“ It was a very small helicopter; I think only designed to carry cargo and so there was very little space for me but despite this I decided to get on board anyway and stay with Majella and Jim throughout the whole flight to Daisy Hill.
"I will never forget it. To this day it still feels like it was the longest journey that I have ever made. The cold steel touching my knees while I knelt next to Majella, the fact that I had to use one of my hands to brace myself in place with a handle to prevent me from falling out of the helicopter because there were only two seats, like I said I think it was a cargo helicopter and not a personnel carrier.
“Neither myself, Jim or Majella were braced in place. I could hear Majella groaning and I said the act of contrition into her ear. It felt like we would never get there in time. I remember Jim kept saying "She's gone, She's gone". I kept trying to reassure him regardless of the situation.
Despite the best efforts of the staff at Daisy Hill hospital to be ready to treat the 12 year old immediately as soon as she arrived at the hospital, Majella O'Hare died en route to the hospital in the arms of her grieving father Jim.
Alice, still imbued with some small amount of hope that she could be saved from the brink of death implored the on-call Doctor to prepare an IV drip to help treat Majella, but was informed rather somberly that "there was nothing he could do" and that "Majella was already gone."
In shock herself from the experience Alice relates the fact that she could not bring herself to tell Majella's mother Mary who had arrived at the hospital, that her beloved daughter had died, well aware of the fact that it only took Majella's brother Michael one look at her tear strewn face to know that this was indeed tragically the case.
"The soldiers radioed through that we were coming and the staff in Daisy hill had a stretcher ready out in the forecourt were the helicopter landed and they transferred Majella out from the helicopter onto the stretcher onto the trolly very quickly into A and E. The on-call Doctor told me that he couldn't do anything to save Majella, she was already gone.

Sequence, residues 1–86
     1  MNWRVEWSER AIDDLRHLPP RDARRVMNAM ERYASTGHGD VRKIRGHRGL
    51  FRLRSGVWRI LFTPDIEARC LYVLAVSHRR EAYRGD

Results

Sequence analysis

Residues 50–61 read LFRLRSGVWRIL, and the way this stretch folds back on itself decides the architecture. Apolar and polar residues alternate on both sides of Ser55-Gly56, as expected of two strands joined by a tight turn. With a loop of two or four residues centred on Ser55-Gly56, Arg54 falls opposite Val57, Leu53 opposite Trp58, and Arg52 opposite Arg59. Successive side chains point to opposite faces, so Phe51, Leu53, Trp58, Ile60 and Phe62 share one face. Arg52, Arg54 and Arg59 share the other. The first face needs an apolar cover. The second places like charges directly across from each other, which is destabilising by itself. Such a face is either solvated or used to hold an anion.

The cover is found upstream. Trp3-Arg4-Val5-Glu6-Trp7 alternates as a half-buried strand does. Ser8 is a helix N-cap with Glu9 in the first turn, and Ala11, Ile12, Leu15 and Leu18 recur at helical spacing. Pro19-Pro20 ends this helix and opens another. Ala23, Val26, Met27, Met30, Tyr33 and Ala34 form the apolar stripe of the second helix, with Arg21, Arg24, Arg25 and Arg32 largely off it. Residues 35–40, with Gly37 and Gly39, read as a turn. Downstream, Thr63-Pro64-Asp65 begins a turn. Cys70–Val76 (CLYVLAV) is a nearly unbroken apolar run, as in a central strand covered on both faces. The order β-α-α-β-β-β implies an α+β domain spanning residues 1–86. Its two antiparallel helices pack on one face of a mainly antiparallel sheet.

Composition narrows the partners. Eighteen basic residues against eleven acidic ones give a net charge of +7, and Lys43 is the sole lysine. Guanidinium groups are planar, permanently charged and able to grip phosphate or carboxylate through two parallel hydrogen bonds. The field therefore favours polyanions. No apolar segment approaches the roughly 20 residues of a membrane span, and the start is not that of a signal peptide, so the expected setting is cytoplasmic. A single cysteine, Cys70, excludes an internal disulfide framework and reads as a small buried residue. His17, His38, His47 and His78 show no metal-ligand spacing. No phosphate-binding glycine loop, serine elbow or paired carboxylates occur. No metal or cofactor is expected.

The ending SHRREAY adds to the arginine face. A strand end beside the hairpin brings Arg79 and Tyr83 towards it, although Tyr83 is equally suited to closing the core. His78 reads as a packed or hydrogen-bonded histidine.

"Majella's Mother, Mary then arrived at Daisy Hill. I remember that Mary asked me at the entrance to the hospital, "tell me honestly, is she dead," but I couldn't tell her, the words just would not come out of my mouth.
"To this day Michael will still say that when he looked into my face when he arrived at the hospital with his mother that day, he knew that Majella was gone.”
Alice reiterated the point that although, like so many other people who lost loved ones as the result of the innumerable atrocities committed during the troubles, she is vehemently opposed to the proposed statute of limitations, she is sure that regardless if the motion makes it through parliament or not that "Michael and his family will still continue to campaign to ensure that Majella receives the justice that she deserves.
"It is sickening when you think about it. Forty-five years have passed since Majella was killed and we are no further in acquiring the justice that she deserves. Both her parents Jim and Mary have gone to their graves without ever seeing their daughter's killer being held responsible for robbing them of their beloved child
"I admire Michael and his family as despite everything they have campaigned tirelessly since 1976 for justice to be done and I have every confidence that they will continue to do the same regardless if the statute of limitations makes it through parliament or not. I wish both him and everyone else who lost loved ones as the result of the troubles the best of luck in securing justice for the relatives they lost as a result of the conflict.